An encouragement for those who serve in children's ministry

If you want big-souled, large-hearted men or women, look for them among those who are much engaged among the young, bearing with their follies, and sympathizing with their weaknesses for Jesus’ sake.
— Charles Spurgeon

Children’s ministry is unique in the life of the church. It is simultaneously one of the most challenging and rewarding ministries. There are few ministries in the life of a church that can leave you exhausted and refreshed quite like working with kids. On any given week, children’s ministry leaders and servants can be found running, crawling, jumping, shouting, whispering, laughing, crying, smiling, and frowning.

Leaders in children’s ministry are caretakers, teachers, playmates, mediators, parental figures, and role models. These roles, when fulfilled, produce tired bodies and full souls. Ministering to kids is exhausting. Yet, there is nothing so satisfying as seeing kids learn deep biblical truths for the first time, begin to trust Christ, and grow in intimacy with him.

But the labors of children’s ministry often go unnoticed and volunteers can feel unappreciated. It is tempting to feel like serving in children’s ministry is nothing more than a glorified babysitting service so the rest of the congregation can do real ministry. This couldn't be further from the truth. Children’s ministry is foundational in the spiritual, theological, and worldview formation of a person. As Paul encouraged Timothy:

"But as for you, continue in what you have learned and have firmly believed, knowing from whom you learned it and how from childhood you have been acquainted with the sacred writings, which are able to make you wise for salvation through faith in Christ Jesus" (2 Tim. 3:14-15).

John Calvin agreed. He believed the teaching of children was fundamental to the future of the church. He once wrote, "Believe me, the Church of God will never be preserved without catechesis," that is, the teaching of basic bible doctrine to children. Likewise, Puritan Thomas Watson once said, "To preach and not to catechize [teach] is to build without foundation."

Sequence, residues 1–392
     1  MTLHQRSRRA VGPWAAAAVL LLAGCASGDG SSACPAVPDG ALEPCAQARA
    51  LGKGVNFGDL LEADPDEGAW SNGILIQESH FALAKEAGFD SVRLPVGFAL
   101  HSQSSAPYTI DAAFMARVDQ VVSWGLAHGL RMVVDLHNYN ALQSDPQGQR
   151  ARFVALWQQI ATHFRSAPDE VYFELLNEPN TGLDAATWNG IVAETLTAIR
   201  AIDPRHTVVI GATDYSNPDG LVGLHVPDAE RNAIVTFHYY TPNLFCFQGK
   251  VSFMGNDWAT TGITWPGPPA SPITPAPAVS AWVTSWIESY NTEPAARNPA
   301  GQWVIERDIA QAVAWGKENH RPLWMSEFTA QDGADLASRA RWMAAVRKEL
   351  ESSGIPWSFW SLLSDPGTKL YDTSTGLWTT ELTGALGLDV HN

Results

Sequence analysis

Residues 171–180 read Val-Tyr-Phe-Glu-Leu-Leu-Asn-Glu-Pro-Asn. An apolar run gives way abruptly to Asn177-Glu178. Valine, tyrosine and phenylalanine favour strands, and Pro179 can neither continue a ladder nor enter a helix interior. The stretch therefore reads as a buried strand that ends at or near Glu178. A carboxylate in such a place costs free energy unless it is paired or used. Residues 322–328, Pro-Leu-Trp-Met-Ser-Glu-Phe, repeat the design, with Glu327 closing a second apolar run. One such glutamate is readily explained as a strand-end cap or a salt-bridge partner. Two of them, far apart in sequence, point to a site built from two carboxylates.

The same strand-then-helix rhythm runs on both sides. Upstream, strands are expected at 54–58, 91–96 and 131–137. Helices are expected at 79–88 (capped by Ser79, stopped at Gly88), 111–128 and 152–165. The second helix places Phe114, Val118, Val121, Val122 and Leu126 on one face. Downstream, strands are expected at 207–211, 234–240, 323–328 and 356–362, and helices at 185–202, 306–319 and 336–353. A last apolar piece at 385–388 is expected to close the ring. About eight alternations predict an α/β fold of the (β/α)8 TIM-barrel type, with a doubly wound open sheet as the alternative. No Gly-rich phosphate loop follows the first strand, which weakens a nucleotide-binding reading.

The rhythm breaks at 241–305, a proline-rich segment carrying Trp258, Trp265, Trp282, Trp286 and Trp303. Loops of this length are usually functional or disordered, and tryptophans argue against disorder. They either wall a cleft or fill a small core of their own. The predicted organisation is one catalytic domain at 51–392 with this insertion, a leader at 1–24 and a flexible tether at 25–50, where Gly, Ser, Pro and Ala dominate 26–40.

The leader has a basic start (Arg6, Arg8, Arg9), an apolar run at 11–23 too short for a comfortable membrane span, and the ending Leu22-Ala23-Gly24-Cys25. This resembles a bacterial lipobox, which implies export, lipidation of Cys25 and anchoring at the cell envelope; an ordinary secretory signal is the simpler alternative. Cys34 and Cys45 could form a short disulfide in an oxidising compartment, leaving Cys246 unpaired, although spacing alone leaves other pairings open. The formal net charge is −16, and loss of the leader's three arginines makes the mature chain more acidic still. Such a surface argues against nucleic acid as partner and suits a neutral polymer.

If you lead or serve in children’s ministry, Lord knows you aren’t in it for personal glory.

If you serve in children’s ministry, know that your work is most valuable not only for the spiritual formation of the kids you teach, but also for the future of the church. You are not just a babysitter. For some kids, you are a trusted and invaluable partner with their parents as they disciple. For other kids, you may just be the only source of love, grace, and truth they will ever see. Your labors will, for better or worse, shape the way children view the Bible, God, and the church for many years to come. Not many of us forget our teachers.

If you lead or serve in children’s ministry, Lord knows you aren't in it for personal glory. But never forget that you are in children's ministry for glory. Children's ministers and servants are laboring for the glory of the Lord in the little hearts and minds of boys and girls. We are praying, teaching, loving, and leading children for the praise of the glory of the grace of God in Christ.

So, I pray my fellow children's ministry leaders and servants find deep satisfaction in our often difficult and thankless work. I pray we find satisfaction in presenting the gospel to kids. I pray we find satisfaction in teaching small kids big truths to blow their minds and ground their feet. In a culture that is constantly shifting, I pray we resolve to continue teach children the immovable truth of the gospel even if we don't see any results in our time with them. As Charles Spurgeon wrote said, "Oh, that the Spirit of God may help us to do this! The more the young are taught the better; it will keep them from being misled" (Come Ye Children: Practical Help Telling Children About Jesus, pp. 10-11).